Click here to access the App directly: http://pi.ace.orst.edu/myrepel//

4. Investigating Radon Exposure in Your Home
Resource: The National Radon Program Service at Kansas State University

Radon is a naturally, non-odorous occurring radioactive gas that can cause lung cancer. [2] According to the EPA, radon exposure is the second leading cause of lung cancer in the United States and the first-leading cause in non-smokers. The National Radon Program Service, supported by the EPA, provides simple directions on how to purchase a $15 testing kit and what to do if tests show an elevated radon level. The site also explains what steps are involved in mitigating elevated radon level, including how to find certified professionals to assist in mitigation.
For information on how to purchase a testing kit, visit: http://sosradon.org/

You can find a listing of certified radon mitigation professionals by contacting either the American Association of Radon Scientists and Technologists www.aarst-nrpp.com or the National Radon Safety Board (NRSB): www.nrsb .org.

5. Managing Accidental or Intentional Poisonings
Resource: National Poison Center

  • Your baby ate pills that were sitting on your kitchen counter.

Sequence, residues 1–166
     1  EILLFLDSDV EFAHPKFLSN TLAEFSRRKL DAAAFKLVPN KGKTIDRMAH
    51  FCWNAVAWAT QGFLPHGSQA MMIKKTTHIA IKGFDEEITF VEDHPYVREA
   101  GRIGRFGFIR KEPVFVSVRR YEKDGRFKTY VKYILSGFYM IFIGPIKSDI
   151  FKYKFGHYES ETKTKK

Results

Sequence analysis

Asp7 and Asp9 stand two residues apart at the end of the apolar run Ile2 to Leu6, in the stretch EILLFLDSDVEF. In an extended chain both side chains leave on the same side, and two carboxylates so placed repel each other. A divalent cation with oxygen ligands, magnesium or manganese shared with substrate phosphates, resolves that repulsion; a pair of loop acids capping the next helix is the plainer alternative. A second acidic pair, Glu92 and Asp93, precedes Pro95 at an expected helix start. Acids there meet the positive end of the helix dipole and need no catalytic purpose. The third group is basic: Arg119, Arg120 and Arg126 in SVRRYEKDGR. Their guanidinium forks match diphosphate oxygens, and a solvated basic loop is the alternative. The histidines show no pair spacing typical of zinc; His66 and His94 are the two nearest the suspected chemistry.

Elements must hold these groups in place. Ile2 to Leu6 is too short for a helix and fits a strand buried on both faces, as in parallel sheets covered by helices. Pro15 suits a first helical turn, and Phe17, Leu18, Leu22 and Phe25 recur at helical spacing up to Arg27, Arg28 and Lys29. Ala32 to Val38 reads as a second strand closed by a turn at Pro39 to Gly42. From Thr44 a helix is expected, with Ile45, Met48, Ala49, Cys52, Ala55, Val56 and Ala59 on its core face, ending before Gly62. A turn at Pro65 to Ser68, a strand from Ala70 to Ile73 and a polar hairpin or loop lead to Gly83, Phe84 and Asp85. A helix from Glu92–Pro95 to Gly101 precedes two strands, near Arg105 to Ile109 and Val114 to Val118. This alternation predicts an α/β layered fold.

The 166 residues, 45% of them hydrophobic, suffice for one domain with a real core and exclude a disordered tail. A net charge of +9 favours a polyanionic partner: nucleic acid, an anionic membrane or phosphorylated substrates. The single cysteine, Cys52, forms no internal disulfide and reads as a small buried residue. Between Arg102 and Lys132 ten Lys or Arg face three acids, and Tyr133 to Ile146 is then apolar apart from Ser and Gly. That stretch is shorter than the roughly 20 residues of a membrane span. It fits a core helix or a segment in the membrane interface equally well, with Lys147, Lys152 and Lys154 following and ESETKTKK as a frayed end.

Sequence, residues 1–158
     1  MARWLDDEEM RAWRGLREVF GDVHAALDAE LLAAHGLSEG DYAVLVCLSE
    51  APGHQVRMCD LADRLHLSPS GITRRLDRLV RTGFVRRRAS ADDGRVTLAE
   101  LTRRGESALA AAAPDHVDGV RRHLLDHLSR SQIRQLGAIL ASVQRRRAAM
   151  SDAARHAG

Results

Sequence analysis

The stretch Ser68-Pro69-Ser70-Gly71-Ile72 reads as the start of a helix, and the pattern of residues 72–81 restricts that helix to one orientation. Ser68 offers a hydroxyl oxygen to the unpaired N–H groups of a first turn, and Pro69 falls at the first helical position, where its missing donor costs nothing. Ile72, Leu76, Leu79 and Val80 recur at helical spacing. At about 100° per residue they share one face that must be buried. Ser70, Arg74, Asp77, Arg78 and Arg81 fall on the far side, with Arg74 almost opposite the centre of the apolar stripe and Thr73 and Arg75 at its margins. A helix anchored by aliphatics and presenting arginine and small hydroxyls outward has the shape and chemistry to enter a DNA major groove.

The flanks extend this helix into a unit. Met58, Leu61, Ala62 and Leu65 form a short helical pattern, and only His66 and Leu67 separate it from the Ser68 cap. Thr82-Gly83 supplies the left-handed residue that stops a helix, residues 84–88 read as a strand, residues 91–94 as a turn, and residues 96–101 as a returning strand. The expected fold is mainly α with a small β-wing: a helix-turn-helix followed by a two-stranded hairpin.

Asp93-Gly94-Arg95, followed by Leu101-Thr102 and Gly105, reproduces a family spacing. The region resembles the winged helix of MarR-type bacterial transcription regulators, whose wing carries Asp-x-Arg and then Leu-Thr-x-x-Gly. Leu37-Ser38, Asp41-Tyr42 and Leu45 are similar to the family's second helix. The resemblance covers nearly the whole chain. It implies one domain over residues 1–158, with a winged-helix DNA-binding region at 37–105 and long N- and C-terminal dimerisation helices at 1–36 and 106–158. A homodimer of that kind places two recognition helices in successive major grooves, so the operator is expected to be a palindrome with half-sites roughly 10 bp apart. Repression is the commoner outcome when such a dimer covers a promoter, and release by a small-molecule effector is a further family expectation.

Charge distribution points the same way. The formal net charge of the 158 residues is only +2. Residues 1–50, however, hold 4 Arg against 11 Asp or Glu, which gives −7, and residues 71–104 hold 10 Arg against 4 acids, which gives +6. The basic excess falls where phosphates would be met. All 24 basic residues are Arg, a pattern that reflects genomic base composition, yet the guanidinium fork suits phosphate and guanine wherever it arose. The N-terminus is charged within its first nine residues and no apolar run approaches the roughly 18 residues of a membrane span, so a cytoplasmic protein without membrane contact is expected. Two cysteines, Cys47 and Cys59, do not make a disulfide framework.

• Your child drank a cleaner thinking it was soda.
  • Your grandfather mixed up his pills and doesn’t know which ones he took.

For all of these accidental ingestions, the National Poison Center has excellent, quick resources to help with each scenario. In the case of sudden ingestions of potentially toxic substances with no obvious symptoms, call the free and confidential Poison Center Hotline at 1-800-222-1222. Poison control experts will give advice on whether to go to the emergency room and which treatment steps to take at home.
Alternatively, parents may also log on to the webPOISONCONTROL® tool to get specific recommendations based on the person’s age, weight, substance and amount taken.

*Please be advised that if someone collapses, has a seizure, or is having trouble breathing, call 911 right away! – See more at: http://webpoisoncontrol.org/#sthash.lO7h2HmZ.dpuf

In the case of potential ingestions of unidentified pills, a particular useful tool is the Pill Identifier Application, which is also available on the National Poison Center site. This tool allows visitors to identify pills simply by the shape, color or imprinted code (a unique code printed on every certified medication in the United States). To access the Pill Identifier, go to http://pill-id.webpoisoncontrol.org/#/intro

With these resources, you’re sure to have a safer summer!

Sources:
Fischetti, Mark. “West Nile Virus and Lyme Disease Spread Across the U.S.” Scientific American. Springer Nature, 1 May 2014. Web. 11 June 2016.
“Radon.” EPA. Environmental Protection Agency, n.d. 11 June 2016.

This blog post was written by Nnenna Okoye, UIC Medical Student. Edited by Dr. Susan Buchanan.